Spinal Cord Injury
Spinal cord injury is the damage to any part of the spinal cord or nerves attached to it in the spinal canal. Usually the injury causes permanent loss of strength, sensation and other body functions below the site of the injury.
Since this injury has debilitating effect on the life of affected persons, many scientists are working globally to bring optimum treatment protocol so that there is substantial improvement in the quality of life of these patients. Research studies are ongoing around the world. In this pursuit Stem cell therapy Spinal Cord Injury / Autologous bone marrow derived stem cell transplantation has come up as a game changer and helping a lot of patients in enhancing their recovery. In the meantime, treatments and rehabilitation allow many people with spinal cord injuries to lead productive & independent lives.
Types of Spinal Cord Injury
There are four sections of the spinal cord
. Cervical cord
The neck region above the shoulders is injured in cervical spinal cord injury and it results into loss of muscle power, sensation and loss of control over bladder and bowel in the region below neck.
Injury occurs between base of neck and loin area ( junction of lower and middle part of spine). It leads to loss of muscle power, sensation and loss of control over bladder and bowel in the region below the level of injury.
Lumbar & sacral cord
It is lower part of spine so usually outcome is better. But injuries in the sacral region are usually partial and fast to recover while lumbar injuries cause paraplegia or complete loss of muscle power, sensation and loss of control over bladder and bowel in the region below the level of injury. So each section of the spine protects different groups of nerves that control different parts of the body and perform different functions, depending upon the section of the spine involved.
Outcome of patients in spinal cord injury
Usually outcome of patients depend upon the level of injury and its severity. As a whole the outcome in cervical and thoracic cord injury is poorer than lumbar and sacral cord injury. Severity of injury is internationally assessed by ASIA ( American spinal injury association) score.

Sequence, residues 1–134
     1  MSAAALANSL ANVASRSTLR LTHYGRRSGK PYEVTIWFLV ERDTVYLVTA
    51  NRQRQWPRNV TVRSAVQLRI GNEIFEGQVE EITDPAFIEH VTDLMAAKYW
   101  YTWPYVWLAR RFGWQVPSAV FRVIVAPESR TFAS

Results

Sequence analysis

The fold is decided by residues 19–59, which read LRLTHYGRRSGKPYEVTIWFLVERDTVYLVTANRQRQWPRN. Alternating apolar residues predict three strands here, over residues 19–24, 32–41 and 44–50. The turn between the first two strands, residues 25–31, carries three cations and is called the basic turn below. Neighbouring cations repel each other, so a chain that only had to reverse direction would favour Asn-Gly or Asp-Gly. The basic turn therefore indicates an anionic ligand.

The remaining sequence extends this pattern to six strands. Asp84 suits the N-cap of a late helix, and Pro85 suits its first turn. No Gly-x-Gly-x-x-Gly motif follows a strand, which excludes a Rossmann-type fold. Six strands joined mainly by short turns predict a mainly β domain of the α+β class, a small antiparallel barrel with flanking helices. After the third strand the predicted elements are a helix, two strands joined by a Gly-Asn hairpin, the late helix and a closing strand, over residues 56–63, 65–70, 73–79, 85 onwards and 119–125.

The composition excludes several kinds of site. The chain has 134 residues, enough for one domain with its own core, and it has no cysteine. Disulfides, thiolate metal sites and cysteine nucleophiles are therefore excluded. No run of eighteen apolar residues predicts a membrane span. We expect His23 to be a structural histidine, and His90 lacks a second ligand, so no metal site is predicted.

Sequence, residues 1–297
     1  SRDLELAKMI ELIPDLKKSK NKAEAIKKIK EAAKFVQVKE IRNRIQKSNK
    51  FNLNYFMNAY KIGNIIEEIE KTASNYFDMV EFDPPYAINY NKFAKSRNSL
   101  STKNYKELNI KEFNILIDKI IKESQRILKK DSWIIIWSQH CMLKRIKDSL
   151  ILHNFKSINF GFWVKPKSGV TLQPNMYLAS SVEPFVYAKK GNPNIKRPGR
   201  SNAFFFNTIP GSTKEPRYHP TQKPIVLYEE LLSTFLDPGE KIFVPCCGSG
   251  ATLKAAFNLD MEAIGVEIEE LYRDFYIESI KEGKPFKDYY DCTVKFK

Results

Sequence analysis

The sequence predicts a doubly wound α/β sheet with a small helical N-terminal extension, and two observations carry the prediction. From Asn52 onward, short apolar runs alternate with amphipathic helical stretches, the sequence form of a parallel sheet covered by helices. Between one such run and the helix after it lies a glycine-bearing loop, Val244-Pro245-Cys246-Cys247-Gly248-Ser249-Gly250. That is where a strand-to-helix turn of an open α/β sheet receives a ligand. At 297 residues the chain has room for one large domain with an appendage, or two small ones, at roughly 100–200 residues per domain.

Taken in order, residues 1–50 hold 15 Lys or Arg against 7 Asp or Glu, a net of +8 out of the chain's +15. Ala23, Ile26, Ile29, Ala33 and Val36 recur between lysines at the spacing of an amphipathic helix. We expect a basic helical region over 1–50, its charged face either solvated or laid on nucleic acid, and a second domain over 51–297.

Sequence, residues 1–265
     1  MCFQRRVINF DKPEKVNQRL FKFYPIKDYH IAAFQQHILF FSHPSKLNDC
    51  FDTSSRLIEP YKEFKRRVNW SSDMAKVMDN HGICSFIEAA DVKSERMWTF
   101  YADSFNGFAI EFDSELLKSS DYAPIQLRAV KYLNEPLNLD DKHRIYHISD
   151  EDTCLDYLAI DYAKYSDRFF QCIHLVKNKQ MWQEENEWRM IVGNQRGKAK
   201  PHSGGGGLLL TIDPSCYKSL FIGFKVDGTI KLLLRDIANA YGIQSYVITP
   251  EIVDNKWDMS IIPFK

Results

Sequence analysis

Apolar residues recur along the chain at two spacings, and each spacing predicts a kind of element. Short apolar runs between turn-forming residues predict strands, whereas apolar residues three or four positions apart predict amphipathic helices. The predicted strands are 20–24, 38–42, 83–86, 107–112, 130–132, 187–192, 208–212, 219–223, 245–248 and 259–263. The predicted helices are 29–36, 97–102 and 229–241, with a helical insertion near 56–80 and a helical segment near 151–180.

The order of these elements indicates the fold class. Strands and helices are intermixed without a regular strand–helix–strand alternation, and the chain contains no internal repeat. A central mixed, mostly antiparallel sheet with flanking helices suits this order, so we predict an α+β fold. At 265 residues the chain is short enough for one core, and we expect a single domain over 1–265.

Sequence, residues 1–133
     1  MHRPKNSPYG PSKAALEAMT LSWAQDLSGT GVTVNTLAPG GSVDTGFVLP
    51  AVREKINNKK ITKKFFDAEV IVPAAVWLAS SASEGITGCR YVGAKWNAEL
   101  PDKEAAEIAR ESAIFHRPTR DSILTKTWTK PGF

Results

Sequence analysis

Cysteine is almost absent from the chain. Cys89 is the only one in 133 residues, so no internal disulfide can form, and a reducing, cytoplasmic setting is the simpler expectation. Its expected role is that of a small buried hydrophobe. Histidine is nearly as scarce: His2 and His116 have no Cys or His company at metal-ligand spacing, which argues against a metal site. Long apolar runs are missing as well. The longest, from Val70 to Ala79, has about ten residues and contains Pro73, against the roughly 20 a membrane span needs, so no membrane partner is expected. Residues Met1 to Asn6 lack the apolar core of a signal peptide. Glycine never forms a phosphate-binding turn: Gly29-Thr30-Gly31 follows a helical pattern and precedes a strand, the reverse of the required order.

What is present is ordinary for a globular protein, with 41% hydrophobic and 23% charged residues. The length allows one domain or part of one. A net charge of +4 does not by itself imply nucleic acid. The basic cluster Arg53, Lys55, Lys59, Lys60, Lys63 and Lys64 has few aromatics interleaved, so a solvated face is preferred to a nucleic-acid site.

ASIA Impairment Scale (AIS)
A = Complete. No sensory or motor function is preserved in the sacral segments S4-5.
B = Sensory Incomplete. Sensory but not motor function is preserved below the neurological level and includes the sacral segments S4-5 (light touch or pin prick at S4-5 or deep anal pressure) AND no motor function is preserved more than three levels below the motor level on either side of the body.
C = Motor Incomplete. Motor function is preserved at the most caudal sacral segments for voluntary anal contraction (VAC) OR the patient meets the criteria for sensory incomplete status (sensory function preserved at the most caudal sacral segments (S4-S5) by LT, PP or DAP), and has some sparing of motor function more than three levels below the ipsilateral motor level on either side of the body. (This includes key or non-key muscle functions to determine motor incomplete status.) For AIS C – less than half of key muscle functions below the single NLI have a muscle grade ≥ 3.
D = Motor Incomplete. Motor incomplete status as defined above, with at least half (half or more) of key muscle functions below the single NLI having a muscle grade ≥ 3.
E = Normal. If sensation and motor function as tested with the ISNCSCI are graded as normal in all segments, and the patient had prior deficits, then the AIS grade is E. Someone without an initial SCI does not receive an AIS grade. Using ND: To document the sensory, motor and NLI levels, the ASIA Impairment Scale grade, and/or the zone of partial preservation (ZPP) when they are unable to be determined based on the examination results.
Complete Spinal Cord Injury versus Incomplete Spinal Cord Injury
Spinal cord injuries can be divided into two types of injury – complete and incomplete:
• A complete spinal cord injury causes permanent damage to the area of the spinal cord that is affected. Paraplegia or tetraplegia are results of complete spinal cord injuries. • An incomplete spinal cord injury refers to partial damage to the spinal cord. The ability to move and the amount of feeling depends on the area of the spine injured and the severity of the injury. Outcomes are based on a patient’s health and medical history.
1 surgical management –usually in the form of decompression and stabilization of spine
2 Rehabilitation protocol—currently it is very important part of treatment
3 Newer options of treatment
Stem cell therapy in Spinal Cord Injury —It is done as Autologous bone marrow derived stem cell transplant. It is safe and reasonably effective in enhancing the speed of recovery in these patients. It can be repeated at certain intervals depending upon condition of patient.
Some growth factors like BDNF or brain derived nerve growth factors have also shown some positive effect.
Nutraceuticals as adjuvant therapies
Lyprinol or omega 3 fatty acids help in decreasing inflammation and improving nerve regeneration.
Combinations of Ubiquinol and omega 3 fatty acids ( Quranerv-M) also help in improved neuronal formation.
Stem cell nutrients like Nutristem, help in faster recovery.
Some testimonials of patients of spinal cord injury ,are here who improved after stem cell therapy